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Thomas Crowther has identified long-disappeared forests available for restoration across the world, finding that there is room for an additional 1.2 trillion new trees globally that could absorb more carbon than human emissions each year. Crowther also describes data from thousands of soil samples collected by local scientists that reveal the world's Arctic and sub-Arctic regions store most of the world's carbon. But the warming of these ecosystems is causing the release of this soil carbon, a process that could accelerate climate change by 17 percent. This research reveals that the restoration of vegetation and soil carbon is by far the best weapon in the fight against climate change.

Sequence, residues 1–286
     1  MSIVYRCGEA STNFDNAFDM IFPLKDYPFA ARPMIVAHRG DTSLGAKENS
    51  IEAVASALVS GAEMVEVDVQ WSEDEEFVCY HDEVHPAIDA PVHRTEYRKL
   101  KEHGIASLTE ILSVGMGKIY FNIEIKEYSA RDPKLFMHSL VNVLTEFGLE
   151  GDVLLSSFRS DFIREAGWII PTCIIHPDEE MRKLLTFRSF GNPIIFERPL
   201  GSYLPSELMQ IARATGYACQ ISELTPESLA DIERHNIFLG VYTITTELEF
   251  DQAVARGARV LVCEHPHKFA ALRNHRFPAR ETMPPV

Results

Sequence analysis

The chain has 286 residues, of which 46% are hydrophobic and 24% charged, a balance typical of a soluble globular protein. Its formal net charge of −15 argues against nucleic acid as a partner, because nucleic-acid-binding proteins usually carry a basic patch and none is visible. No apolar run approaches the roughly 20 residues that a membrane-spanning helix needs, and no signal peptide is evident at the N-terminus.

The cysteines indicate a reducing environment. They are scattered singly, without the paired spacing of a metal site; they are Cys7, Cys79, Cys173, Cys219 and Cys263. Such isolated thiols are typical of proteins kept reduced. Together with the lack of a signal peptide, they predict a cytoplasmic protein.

The living parts of the planet drive every aspect of biogeochemical cycling. It is essential to represent these living processes into the understanding of current and future biogeochemical cycles in order to understand and predict climate change. In their research, the Crowther Lab researchers use the largest global dataset of forest inventory data, the Global Forest Biodiversity Initiative, measured by people on the ground in over 1.2 million locations around the world combined with satellite observations. This provides a mechanistic understanding of the global...
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